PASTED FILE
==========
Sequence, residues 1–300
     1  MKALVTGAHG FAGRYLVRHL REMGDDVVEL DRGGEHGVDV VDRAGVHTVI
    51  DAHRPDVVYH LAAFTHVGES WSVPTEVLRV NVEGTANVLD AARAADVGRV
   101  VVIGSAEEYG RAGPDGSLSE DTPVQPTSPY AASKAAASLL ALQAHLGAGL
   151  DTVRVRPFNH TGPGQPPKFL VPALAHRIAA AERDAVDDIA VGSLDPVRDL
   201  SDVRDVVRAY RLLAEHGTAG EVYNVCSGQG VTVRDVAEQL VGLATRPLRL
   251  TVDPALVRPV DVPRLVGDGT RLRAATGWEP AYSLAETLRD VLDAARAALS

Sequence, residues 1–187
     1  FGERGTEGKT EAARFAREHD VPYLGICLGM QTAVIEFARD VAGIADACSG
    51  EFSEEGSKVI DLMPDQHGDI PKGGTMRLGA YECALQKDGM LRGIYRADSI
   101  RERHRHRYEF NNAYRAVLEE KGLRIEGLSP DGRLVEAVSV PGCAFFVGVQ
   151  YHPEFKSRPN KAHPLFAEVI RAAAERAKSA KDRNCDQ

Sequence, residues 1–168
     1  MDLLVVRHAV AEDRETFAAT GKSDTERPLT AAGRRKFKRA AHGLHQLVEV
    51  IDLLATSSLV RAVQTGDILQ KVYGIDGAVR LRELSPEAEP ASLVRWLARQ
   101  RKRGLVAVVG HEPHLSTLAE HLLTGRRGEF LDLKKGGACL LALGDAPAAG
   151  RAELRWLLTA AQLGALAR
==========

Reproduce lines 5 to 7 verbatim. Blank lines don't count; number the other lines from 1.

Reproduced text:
   151  DTVRVRPFNH TGPGQPPKFL VPALAHRIAA AERDAVDDIA VGSLDPVRDL
   201  SDVRDVVRAY RLLAEHGTAG EVYNVCSGQG VTVRDVAEQL VGLATRPLRL
   251  TVDPALVRPV DVPRLVGDGT RLRAATGWEP AYSLAETLRD VLDAARAALS